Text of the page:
Overview

Comprehensive Description

Diversity

Ovenbirds are New World birds found only in the neotropics. They belong to the order Passeriformes and family Furnariidae. There are 55 genera of ovenbirds and 236 species. Ovenbirds can be found in almost all habitats from rocky intertidal zones to deciduous forest, desert and high alpine areas. They are important members of all bird communities in South America and in some regions they account for 25 percent of all bird species.

Ovenbirds are small to medium sized birds (10 to 26 cm long, 8 to 109 g). Their plumage is primarily shades of brown; however, they often have complex patterns of spots and stripes. Some species have wingbands, tail patches or more brightly colored throat patches. They have very diverse bill and tail structure. Bill shapes and sizes reflect foraging habits. Ovenbird tails are often stiffened and have bare feather tips, modifications that aid the birds in climbing. Males and females look similar, although males may be slightly larger.

Ovenbirds are monogamous, and pairs often remain together from year to year. They are well known for their diverse and often complex nest structures. In fact, the name ovenbird comes from the oven-like structure of some species’ nests.

Although ovenbirds as a group occupy a wide range of habitats, many individual species have very restrictive habitat requirements. Because of these requirements their ranges are often small and fragmented. This, combined with anthropogenic habitat destruction has lead to population declines in many ovenbird species.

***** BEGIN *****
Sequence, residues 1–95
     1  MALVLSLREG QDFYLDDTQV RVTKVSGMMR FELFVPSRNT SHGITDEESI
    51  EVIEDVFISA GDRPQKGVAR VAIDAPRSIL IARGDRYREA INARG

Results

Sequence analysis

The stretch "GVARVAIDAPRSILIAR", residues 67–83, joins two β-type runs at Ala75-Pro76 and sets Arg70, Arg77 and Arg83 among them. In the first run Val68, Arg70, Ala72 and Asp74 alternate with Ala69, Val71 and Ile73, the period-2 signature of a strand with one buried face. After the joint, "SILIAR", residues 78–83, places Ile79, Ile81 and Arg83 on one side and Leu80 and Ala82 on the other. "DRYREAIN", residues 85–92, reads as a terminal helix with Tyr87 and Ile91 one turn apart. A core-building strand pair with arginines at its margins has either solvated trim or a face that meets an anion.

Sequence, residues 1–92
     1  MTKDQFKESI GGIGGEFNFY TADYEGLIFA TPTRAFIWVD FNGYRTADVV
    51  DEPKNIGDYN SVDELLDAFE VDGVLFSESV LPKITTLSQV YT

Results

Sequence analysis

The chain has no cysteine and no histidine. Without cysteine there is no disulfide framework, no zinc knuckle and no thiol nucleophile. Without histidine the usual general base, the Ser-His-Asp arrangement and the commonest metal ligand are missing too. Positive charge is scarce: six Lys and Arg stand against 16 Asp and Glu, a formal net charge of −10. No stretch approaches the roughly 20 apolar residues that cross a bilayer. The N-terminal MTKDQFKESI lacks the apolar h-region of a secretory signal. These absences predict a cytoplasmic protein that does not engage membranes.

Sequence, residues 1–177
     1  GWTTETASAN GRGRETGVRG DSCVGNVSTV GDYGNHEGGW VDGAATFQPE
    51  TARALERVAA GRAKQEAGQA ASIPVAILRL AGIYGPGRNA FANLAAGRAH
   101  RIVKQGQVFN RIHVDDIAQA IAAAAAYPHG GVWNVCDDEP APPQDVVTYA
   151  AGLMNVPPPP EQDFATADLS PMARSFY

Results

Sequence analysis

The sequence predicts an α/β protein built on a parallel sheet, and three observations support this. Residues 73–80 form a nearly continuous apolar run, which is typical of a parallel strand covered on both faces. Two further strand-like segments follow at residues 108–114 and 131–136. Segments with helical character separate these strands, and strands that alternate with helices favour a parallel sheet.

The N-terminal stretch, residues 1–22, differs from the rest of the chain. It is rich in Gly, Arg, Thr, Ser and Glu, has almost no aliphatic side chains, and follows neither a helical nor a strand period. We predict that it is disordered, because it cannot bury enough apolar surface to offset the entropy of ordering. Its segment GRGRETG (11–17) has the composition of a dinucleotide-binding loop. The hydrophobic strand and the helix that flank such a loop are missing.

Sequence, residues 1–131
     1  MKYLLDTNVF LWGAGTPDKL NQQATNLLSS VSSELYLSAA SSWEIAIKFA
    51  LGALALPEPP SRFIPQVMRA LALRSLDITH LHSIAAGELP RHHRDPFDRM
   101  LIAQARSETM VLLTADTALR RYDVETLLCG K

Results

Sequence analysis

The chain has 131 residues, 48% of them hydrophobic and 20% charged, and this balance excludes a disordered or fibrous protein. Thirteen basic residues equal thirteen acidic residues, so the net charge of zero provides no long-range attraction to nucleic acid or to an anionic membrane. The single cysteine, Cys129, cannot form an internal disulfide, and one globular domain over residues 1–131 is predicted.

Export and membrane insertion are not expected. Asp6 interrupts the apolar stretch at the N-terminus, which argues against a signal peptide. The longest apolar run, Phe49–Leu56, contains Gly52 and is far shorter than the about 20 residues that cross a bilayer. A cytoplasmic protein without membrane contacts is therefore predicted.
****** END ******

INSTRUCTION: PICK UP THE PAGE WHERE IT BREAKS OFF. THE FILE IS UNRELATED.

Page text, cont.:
• Sibley, C., J. Ahlquist. 1990. Phylogeny and Classification of Birds, A study in Molecular Evolution. New Haven: Yale University Press.
  • Dickinson, E. 2003. The Howard and Moore Complete Checklist of the Birds of the World, 3rd edition. London: Christopher Helm.
  • Skutch, A. 1996. Antbirds & Ovenbirds, Their Lives and Homes. Austin: University of Texas Press.
  • Remsen, J. 2003. Family Furnariidae (Ovenbirds). Pp. 162-357 in J del Hoyo, A Elliott, D Christie, eds. Handbook of the Birds of the World. Barcelona: Lynx Edicions.
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Distribution

Geographic Range

Ovenbirds are New World birds found only in the neotropics. They can be found from central Mexico to the southernmost parts of South America. They are also found on Trinidad, Tobago and the Falkland and Juan Fernandez Islands. Their range extends much farther south and to much higher elevations than many other South American bird families. Eighty nine percent of Furnariidae species are endemic to South America.

Biogeographic Regions: neotropical (Native ); oceanic islands (Native )

  • Roper, J., A. Hutson. 2003. Ovenbirds. Pp. 438-441 in C Perrins, ed. The New Encyclopedia of Birds. Oxford: Oxford University Press.
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Physical Description

Morphology

Physical Description

Ovenbirds are small to medium sized birds (10 to 26 cm long, 8 to 109 g). Their plumage is primarily shades of brown. However, they often have complex patterns of spots and stripes. Some species have wingbands and tail patches that can be seen when the birds are in flight. Some have more brightly colored throat patches that can be exposed during displays. Orange-fronted plushcrowns (Metopothrix aurantiaca) are green and yellow, and are the only brightly colored ovenbird.